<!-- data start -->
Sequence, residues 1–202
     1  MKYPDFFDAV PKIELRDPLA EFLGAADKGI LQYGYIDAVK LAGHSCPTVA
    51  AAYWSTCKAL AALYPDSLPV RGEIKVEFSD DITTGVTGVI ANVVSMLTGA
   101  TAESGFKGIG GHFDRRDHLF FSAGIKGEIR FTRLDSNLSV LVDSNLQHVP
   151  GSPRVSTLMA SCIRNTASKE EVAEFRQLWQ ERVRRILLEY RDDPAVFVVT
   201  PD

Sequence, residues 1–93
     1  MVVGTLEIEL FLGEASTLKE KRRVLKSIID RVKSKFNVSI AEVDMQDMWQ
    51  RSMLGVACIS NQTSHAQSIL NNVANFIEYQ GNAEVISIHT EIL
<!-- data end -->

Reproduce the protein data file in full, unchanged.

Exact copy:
Sequence, residues 1–202
     1  MKYPDFFDAV PKIELRDPLA EFLGAADKGI LQYGYIDAVK LAGHSCPTVA
    51  AAYWSTCKAL AALYPDSLPV RGEIKVEFSD DITTGVTGVI ANVVSMLTGA
   101  TAESGFKGIG GHFDRRDHLF FSAGIKGEIR FTRLDSNLSV LVDSNLQHVP
   151  GSPRVSTLMA SCIRNTASKE EVAEFRQLWQ ERVRRILLEY RDDPAVFVVT
   201  PD

Sequence, residues 1–93
     1  MVVGTLEIEL FLGEASTLKE KRRVLKSIID RVKSKFNVSI AEVDMQDMWQ
    51  RSMLGVACIS NQTSHAQSIL NNVANFIEYQ GNAEVISIHT EIL